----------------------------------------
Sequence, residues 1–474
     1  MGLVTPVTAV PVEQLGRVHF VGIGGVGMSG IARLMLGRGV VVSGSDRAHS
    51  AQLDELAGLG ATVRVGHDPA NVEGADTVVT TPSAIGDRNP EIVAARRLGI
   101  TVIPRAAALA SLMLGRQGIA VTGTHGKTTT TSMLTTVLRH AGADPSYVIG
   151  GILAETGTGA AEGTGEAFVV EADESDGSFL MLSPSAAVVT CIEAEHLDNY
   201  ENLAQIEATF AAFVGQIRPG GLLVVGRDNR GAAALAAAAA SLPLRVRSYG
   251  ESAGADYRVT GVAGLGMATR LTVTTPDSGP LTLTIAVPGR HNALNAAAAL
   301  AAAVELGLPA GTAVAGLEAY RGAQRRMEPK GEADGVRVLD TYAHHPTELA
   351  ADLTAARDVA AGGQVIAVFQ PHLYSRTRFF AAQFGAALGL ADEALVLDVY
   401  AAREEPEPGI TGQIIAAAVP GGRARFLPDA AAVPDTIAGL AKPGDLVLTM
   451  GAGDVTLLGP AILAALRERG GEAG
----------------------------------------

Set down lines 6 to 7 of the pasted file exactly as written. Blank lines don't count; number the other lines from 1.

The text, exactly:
   201  ENLAQIEATF AAFVGQIRPG GLLVVGRDNR GAAALAAAAA SLPLRVRSYG
   251  ESAGADYRVT GVAGLGMATR LTVTTPDSGP LTLTIAVPGR HNALNAAAAL